This was a vote on passage of H.R. 3269, a bill that gave federal regulatory agencies the authority over the level of executive pay and bonuses, and also imposed new restrictions on the manner in which executive pay and bonuses are determined. The bill had been developed partly in response to the great outcry during this period of economic decline about the large bonuses that executives at banks and other financial institutions were receiving, particularly at those receiving federal “bail outs” in order to remain in business. H.R. 3269 also required all publicly traded companies to hold an annual, non-binding, shareholder vote on pay and bonuses for executives.
Rep. Frank, (D-MA), the chairman of the Financial Services committee that developed H.R. 3269, said that Democrats “believe the federal government has (an) interest--not in the level of compensation, that's up to the shareholders -- (but) in the (pay) structure. When you have, as we have seen, structures whereby companies lose lots of money . . . but the people who made those deals make money on them, that has a systemic negative impact on this society because it incentivizes much too much risk.” He claimed that “the Republican approach” is to do nothing except “admit that these are problems.”
Frank referred to the charge by opponents of the bill that it essentially creates wage controls as “nonsense.” He explained that “what it says is that the SEC shall impose rules that prevent excessive risk-taking, and the reference to wages is only in that context . . . What this bill explicitly aims at is the practice whereby people are given bonuses that pay off if the gamble or the risk pays off, but don't lose you anything if it doesn't. That is, there is a wide consensus that this incentivizes excessive risk . . . All we are saying is that there has to be some balance to the risk-taking.”
Frank also referred to the charge by opponents “this will cause us a problem with international competition.” He noted that England, which he referred to as “our major financial competitor” has adopted the same rules as are in H.R. 3269.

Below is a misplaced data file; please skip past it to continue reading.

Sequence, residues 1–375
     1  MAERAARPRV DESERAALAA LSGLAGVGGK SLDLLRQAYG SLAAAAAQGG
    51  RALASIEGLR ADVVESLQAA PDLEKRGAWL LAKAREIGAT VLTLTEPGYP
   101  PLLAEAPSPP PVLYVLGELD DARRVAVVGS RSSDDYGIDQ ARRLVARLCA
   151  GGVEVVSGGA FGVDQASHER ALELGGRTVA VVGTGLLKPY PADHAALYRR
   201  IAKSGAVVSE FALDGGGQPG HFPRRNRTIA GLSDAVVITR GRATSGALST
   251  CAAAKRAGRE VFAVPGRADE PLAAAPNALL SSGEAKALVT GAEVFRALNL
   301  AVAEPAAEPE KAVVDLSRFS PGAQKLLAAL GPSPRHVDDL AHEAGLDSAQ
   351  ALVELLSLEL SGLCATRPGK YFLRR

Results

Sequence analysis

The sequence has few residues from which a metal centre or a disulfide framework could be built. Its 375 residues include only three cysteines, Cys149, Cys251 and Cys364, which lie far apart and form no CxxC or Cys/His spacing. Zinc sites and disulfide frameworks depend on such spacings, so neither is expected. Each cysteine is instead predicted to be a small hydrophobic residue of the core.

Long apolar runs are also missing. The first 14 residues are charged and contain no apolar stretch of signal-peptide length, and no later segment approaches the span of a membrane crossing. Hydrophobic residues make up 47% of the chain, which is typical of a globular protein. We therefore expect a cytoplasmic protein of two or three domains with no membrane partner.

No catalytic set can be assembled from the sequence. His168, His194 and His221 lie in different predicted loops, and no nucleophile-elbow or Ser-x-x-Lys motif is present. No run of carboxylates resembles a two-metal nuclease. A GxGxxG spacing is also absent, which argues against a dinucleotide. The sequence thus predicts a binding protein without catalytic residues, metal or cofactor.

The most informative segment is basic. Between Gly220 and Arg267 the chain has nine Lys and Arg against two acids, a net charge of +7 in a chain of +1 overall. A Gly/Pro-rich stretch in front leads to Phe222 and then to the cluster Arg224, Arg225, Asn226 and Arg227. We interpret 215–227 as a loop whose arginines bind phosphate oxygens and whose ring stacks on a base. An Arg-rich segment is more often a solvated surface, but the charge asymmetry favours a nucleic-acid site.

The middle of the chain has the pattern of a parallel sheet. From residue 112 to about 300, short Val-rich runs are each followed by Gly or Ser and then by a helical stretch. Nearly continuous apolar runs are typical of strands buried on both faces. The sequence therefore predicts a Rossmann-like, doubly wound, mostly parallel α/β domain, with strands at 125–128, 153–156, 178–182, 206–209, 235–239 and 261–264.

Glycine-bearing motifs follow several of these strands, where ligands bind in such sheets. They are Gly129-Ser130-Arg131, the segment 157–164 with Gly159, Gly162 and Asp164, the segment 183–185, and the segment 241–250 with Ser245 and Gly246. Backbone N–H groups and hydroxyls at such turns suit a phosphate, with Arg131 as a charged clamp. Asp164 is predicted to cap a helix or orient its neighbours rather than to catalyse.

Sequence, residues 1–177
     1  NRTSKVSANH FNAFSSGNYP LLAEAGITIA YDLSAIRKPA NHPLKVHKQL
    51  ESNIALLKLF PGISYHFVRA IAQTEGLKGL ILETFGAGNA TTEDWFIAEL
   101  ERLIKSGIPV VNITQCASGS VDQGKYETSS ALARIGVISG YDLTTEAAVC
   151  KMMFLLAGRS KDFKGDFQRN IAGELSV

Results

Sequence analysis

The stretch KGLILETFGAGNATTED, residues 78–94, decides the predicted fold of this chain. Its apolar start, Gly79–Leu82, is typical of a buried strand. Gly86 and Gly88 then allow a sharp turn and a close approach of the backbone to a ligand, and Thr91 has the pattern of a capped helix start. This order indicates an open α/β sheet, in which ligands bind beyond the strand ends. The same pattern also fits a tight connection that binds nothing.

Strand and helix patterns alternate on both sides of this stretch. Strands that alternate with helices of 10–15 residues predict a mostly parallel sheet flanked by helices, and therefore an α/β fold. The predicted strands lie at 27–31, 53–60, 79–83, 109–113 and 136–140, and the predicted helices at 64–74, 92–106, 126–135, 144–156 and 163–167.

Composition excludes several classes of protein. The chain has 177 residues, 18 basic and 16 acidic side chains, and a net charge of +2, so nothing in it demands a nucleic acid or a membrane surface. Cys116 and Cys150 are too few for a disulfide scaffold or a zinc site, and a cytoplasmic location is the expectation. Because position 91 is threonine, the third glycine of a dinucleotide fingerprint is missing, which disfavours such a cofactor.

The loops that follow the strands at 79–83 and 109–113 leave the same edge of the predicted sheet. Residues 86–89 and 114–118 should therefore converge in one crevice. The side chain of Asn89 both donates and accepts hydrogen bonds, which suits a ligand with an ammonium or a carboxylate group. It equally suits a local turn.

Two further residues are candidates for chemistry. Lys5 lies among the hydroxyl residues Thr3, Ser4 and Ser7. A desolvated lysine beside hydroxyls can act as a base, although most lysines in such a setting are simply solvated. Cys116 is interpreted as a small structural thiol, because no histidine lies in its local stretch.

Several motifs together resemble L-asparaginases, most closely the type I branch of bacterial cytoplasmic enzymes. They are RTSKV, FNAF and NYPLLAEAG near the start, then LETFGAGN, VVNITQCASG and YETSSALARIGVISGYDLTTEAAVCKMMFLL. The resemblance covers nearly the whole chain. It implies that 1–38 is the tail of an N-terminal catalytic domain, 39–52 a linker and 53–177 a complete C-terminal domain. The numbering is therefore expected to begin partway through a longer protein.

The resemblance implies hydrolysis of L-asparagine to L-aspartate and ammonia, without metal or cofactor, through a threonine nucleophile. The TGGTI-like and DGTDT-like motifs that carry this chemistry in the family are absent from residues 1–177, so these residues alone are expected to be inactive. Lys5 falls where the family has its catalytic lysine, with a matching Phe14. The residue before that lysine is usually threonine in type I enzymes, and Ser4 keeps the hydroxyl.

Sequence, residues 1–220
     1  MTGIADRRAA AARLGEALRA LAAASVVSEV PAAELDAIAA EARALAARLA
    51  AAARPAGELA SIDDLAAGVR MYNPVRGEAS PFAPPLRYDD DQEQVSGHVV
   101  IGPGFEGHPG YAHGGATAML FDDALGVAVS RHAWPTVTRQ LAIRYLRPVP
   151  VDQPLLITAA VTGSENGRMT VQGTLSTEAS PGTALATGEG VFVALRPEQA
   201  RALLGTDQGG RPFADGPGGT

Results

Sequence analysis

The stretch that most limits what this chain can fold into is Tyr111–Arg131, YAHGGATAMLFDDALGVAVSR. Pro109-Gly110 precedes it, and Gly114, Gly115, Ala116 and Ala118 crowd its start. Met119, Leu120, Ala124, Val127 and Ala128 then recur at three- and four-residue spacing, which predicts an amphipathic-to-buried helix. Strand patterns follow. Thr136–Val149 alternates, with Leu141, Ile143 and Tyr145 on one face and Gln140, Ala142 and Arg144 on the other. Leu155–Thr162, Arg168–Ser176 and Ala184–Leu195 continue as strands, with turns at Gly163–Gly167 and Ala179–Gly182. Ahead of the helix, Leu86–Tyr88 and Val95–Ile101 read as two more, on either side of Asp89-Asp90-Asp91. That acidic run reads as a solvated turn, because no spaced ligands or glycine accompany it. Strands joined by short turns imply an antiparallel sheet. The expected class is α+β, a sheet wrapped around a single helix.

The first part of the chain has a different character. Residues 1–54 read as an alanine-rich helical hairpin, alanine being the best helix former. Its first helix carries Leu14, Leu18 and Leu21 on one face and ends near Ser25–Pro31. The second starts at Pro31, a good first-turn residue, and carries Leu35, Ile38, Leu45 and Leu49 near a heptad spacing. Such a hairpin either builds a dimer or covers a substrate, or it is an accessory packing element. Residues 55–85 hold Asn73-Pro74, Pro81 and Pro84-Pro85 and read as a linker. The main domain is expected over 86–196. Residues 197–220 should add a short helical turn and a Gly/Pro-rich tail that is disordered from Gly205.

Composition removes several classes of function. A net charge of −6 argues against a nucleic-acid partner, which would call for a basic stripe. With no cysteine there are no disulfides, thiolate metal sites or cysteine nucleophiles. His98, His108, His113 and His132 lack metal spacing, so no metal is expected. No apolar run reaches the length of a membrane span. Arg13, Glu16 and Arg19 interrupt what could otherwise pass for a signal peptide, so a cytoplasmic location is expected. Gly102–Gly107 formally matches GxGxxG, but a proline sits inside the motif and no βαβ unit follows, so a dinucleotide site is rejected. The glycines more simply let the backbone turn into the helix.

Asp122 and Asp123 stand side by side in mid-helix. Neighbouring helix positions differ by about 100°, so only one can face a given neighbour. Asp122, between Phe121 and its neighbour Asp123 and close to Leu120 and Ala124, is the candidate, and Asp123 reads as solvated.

Rep. Bachus (R-AL), the Ranking Republican on the Financial Services Committee, was leading the opposition to the bill. He said “Republicans have introduced legislation, which gets the American people out of the bail out business--that is our response--and prohibits the government from picking winners and losers. We believe that's the solution.” He went on to argue that Republicans have sponsored legislation that “clearly establishes a structure where failure is not rewarded and market discipline is reestablished . . . .”
Bachus summarized his opposition to H.R. 3269 by calling it a “sweeping power grab into the private sector under the guise of the government's riding to the rescue”, which relies “on the government to fix the problem . . . (that) . . . to a great extent was caused by . . . (a) lack of regulation by the government.”
The legislation passed by a vote of 237-185. Two hundred and thirty-five Democrats and two Republicans voted “aye”. One hundred and sixty-nine Republicans and sixteen Democrats voted “nay”. As a result, the House approved and sent on to the Senate a bill that gave federal banking regulatory agencies authority over executive pay and bonuses, and also increased the level of shareholder input on the way pay and bonuses are determined.